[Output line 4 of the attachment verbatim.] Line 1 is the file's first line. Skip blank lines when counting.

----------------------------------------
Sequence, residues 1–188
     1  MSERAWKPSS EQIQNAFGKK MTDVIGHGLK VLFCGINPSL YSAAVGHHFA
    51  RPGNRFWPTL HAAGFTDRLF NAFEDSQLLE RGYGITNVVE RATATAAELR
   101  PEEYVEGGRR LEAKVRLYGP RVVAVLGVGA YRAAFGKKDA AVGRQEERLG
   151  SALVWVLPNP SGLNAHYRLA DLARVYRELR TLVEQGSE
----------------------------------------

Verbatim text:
   101  PEEYVEGGRR LEAKVRLYGP RVVAVLGVGA YRAAFGKKDA AVGRQEERLG